Here is an interesting picture (well it is at least for me lol) of three small gauge swatches each 20 stitches wide and 21 rows tall. The top two were knit on the same size 5 needle, the bottom swatch was knit on a size 3.
Garter stitch fabric has more rows per inch than stocking stitch fabric but what surprised me was just how much wider the garter stitch swatch was than the stocking stitch swatch. You can imagine how this difference would multiply over 200 stitches. To get garter stitch fabric the same width as the stocking stitch fabric I had to go down 2 needle sizes.
In March I began working on a pullover project for a warm weather design in a cotton/linen blend called Zoey from Juniper Moon Farm. The yarn calls for a size 3-5 needle. I happened to have an old Boye size 5 needle handy the day I got the yarn so I swatched with it. I liked the look of the swatch and used the number of stitches per inch that I got to flesh out the pullover design idea on paper. The plan was to bring the project with me to Colorado that coming weekend. When I was packing up to go I decided to use the size 5 needles from my Addi Click interchangeable set I got for Christmas.
I casted on with my Addis and started mindlessly knitting along. The pullover begins with a garter stitch band of about an inch and then proceeds in stocking stitch. In a couple days after working about 30 rows, I stopped and pulled it over my head. It was huge. Insert gnashing of teeth here. After much measuring I discovered two things. First the gauge on the slick Addi needles was much looser than the gauge on the Boye needle I used to knit the swatch. I knew that going from a metal needle to a, say, much 'grabbier' bamboo needle would have changed my gauge significantly but I was not expecting such significant change in gauge using metal needles of different brands. The second thing I discovered is that garter stitch by it's nature compacts the stitches making them wider which was also adding to the huge-ness. Insert glass of wine here and then frogging back 30 rows of over 200 stitches each.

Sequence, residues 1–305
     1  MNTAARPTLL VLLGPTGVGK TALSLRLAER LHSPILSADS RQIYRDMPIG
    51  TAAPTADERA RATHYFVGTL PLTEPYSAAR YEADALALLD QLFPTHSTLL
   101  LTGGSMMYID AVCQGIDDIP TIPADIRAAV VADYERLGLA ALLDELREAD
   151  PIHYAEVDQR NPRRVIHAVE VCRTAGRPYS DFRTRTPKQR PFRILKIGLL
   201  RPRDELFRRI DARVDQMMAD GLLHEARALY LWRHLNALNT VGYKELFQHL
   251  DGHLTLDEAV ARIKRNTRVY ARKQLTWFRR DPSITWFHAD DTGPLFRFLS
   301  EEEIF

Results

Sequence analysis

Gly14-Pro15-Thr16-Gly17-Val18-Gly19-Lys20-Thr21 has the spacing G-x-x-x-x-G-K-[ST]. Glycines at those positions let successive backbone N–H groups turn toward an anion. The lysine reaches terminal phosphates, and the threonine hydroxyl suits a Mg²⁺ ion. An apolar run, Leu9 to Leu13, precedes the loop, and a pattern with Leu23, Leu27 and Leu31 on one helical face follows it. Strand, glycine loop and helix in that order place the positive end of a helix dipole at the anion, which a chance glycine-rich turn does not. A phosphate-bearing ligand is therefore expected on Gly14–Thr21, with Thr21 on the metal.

Something else worthy of a gauge discussion is that stocking stitch gauge when knitting in the round can be very different than the gauge you get when knitting stocking stitch back and forth in rows. More often than not it is because the tension is looser on purl rows (this is true for most knitters) and when knitting stocking stitch in the round there are no purl rows. So when a pattern calls for gauge 'in the round' you need to do a circular gauge swatch. Here is an easy way to do a circular gauge swatch that doesn't require casing on lots of stitches.
Now back to my pullover. After a time out for me and my needles, I refigured the number of stitches I would need for a neckline that fits and began again. It is a fun pattern--a flirty little cold-shoulder number. A few weeks later, sample completed (love it--pattern coming soon). I set out to determine actual gauge so I could size the pattern up and down. I was using my Boye Stitch and Row gauge checker and an old tape measure I pulled out of my sewing basket. The tape measure I normally use was in another project bag. I typically use the Boye checker to count the stitches per inch and then the tape to measure the sample to double check my numbers. Well... nothing was adding up. My gauge, multiplied out for the stitch/row count, did not match the width, length, or any other measurement the tape was coming up with on the sample. I spent a good deal of time rechecking everything and in total frustration decided to let it all rest for a day.
When I picked it up again I used the tape measure to count stitches per inch (because my Boye checker was in yet another project bag and out of reach) and I came up with a different gauge than I got with the Boye checker. WHAT???? There is of course only one, albeit totally unexpected explanation. Here they are side by side. Crazy. A ruler and a contractor's tape measure proved the Boye correct. I trashed the tape measure but wished I could have done something way more dramatic to it like throw it in a roaring fire and watch it melt. Slowly.
Lessons for today include always swatch with the needles you will be using to actually knit your project. Also, if the pattern's called for gauge is indicated as in the round, swatch in the round. Another thing to consider is that when a pattern calls for different size needles for say the body of the garment and the ribbing on the cuffs and bottom, using different sizes of the same brand needles will give you the best results. And, finally, you may want to double check your tape measure. Just saying.